Viasat has hundreds of military veterans in its ranks — former members of the armed forces who have the opportunity to take what they learned in the field and apply it to Viasat products and services needed by active military. As a follow-up to last week’s Veterans Day commemoration, we spoke with program manager and Air Force veteran Ronell Hulbert.
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Viasat program manager and United States Air Force veteran Ronell Hulbert has a message for young people who are uncertain about their future: Join the military.
“Do it,” she said. “If you haven’t yet determined your aspirations — or even if you’ve just started down the path to reach them — that’s the number one option I would look into.
“It was the best decision I ever made. It set me up for the rest of my life. I’ve gotten my education paid for. I have health care for life, and a lot of other benefits. In my opinion, it’s the way to go.”
Hulbert grew up in Turlock, California, an agriculture-based community in the state’s Central Valley area. She originally planned to pursue a career in nursing and began her studies at a junior college. But the classes she took didn’t resonate with her, and a cousin who had enlisted in the Marines suggested she consider the military.
With no intention of serving long term, Hulbert enlisted in the Air Force. The experience changed her in ways she could never have imagined, giving her confidence and skills, along with the opportunity to see the world.
“My plan at first was four years and I’m done,” Hulbert said. “Then I started my education in logistics, and was sent overseas.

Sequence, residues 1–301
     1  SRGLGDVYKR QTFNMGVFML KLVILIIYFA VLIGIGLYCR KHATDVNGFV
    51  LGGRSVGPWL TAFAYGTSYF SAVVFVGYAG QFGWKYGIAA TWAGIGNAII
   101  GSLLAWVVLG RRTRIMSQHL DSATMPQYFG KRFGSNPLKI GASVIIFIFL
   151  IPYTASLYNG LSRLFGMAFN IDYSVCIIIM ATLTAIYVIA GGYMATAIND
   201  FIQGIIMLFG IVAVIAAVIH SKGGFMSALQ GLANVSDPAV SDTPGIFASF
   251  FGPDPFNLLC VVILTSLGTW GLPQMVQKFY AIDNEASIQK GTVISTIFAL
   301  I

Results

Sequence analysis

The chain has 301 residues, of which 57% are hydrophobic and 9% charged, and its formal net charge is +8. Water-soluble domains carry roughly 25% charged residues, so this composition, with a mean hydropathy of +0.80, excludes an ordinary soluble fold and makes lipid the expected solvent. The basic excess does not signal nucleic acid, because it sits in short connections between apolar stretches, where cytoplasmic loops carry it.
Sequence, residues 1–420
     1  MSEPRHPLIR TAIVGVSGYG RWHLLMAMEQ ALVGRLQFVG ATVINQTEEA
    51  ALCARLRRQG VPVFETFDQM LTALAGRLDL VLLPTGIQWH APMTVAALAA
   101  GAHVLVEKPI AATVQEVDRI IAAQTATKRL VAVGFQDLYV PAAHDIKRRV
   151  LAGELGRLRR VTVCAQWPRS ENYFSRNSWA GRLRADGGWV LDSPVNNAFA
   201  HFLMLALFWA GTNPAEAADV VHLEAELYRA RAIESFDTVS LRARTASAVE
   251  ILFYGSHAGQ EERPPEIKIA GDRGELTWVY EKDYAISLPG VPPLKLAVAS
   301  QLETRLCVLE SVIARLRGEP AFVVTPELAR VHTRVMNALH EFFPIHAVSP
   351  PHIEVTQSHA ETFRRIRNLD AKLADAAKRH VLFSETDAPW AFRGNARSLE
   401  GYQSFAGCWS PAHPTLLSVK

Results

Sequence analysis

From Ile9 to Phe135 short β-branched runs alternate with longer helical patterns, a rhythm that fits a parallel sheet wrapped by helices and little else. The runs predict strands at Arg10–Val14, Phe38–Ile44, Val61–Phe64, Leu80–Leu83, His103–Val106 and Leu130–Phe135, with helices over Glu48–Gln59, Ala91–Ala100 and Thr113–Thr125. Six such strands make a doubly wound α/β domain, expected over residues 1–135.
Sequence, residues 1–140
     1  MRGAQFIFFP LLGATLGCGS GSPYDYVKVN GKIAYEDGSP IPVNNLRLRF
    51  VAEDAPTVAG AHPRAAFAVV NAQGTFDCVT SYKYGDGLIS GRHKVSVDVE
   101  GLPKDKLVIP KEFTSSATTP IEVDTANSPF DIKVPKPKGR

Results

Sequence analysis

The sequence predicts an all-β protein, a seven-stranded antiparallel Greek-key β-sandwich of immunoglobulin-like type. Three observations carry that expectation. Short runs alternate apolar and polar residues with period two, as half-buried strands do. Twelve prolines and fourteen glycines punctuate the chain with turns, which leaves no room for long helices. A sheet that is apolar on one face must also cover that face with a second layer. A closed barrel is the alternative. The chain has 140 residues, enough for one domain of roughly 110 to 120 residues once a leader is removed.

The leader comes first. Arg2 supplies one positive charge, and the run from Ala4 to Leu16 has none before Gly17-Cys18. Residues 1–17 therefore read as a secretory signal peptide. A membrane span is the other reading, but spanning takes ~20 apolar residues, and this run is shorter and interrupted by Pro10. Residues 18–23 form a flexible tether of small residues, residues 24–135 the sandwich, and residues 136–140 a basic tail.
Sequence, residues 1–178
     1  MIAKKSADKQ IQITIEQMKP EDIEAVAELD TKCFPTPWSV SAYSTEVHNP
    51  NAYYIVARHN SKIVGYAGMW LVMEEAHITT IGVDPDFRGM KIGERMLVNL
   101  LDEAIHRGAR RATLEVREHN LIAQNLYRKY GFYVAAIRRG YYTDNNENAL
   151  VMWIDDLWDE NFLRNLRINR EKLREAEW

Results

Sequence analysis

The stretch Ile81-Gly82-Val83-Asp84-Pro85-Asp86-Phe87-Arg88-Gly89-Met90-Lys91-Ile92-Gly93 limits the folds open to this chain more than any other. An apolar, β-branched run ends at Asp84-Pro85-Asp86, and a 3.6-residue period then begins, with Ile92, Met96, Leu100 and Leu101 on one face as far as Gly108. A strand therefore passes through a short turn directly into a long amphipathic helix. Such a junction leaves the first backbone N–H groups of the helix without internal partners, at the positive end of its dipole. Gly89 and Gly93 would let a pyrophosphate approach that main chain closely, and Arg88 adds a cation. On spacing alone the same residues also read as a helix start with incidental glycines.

“I decided to volunteer to be an instructor; I was shy, so that was out of my comfort zone, but I like challenges. I really succeeded at it, and now instructing and public speaking is one of my favorite things to do. Being an instructor really opened my eyes, and I was able to travel the world to teach.”
Among other courses, Hulbert taught how to handle and transport hazardous material.
During her service, she earned two associates’ degrees and finished her bachelor’s degree. She also earned a joint commendation medal, joint achievement, and Air Force commendation.
After serving 10 years, Hulbert left active duty in 2015 and is now a member of the Air Force Reserve. In 2020, she used her GI Bill benefits to complete a master’s degree in logistics and supply chain management at the University of San Diego.
Hulbert joined Viasat in 2020 as a logistics program manager, a job that lets her continue giving back to the military. She ensures the military has the products, parts and repairs it needs to operate its Intelligence, Surveillance, and Reconnaissance (ISR) systems.
Hulbert said Viasat’s support of the military is what convinced her she wanted to work here; it’s a goal that coincides with her own. Hulbert married an Air Force officer in 2015. He died by suicide in 2019, and Hulbert now works to help other veterans suffering from trauma and mental-health issues.
“The first time I was introduced to Viasat was through a veteran’s transition program a couple years ago,” she said. “That’s exactly the kind of thing I want to advocate for. I applied for a position shortly after taking the program.”
Hulbert has volunteered with the Iraq and Afghanistan Veterans of America (IAVA), a nonprofit veterans’ empowerment organization. In March 2020, she participated in IAVA’s “Storm the Hill,” in which members lobby Congress for veterans’ policies, including programs aimed at suicide prevention.
“It was amazing, probably one of the best things I’ve ever done,” said Hulbert, who hopes to participate in a future Storm the Hill.
She also wants to help those who’ve lost spouses to suicide, and plans to someday earn certification to teach grief recovery classes.
“Those classes really made a difference for me, and I would like do the same for others,” she said.
But all that may have to wait a bit. Today, Hulbert is focused not only on her career at Viasat, but her infant son. She and her partner became parents in January, rounding out a fulfilling life she believes wouldn’t have been possible without her military experience.
“I’m learning so much with Viasat, and as a mother, and still enjoying my service in the reserves,” she said. “I’ve come a long way from the girl who lived in Turlock. I don’t know who or where I’d be if I hadn’t joined the Air Force.”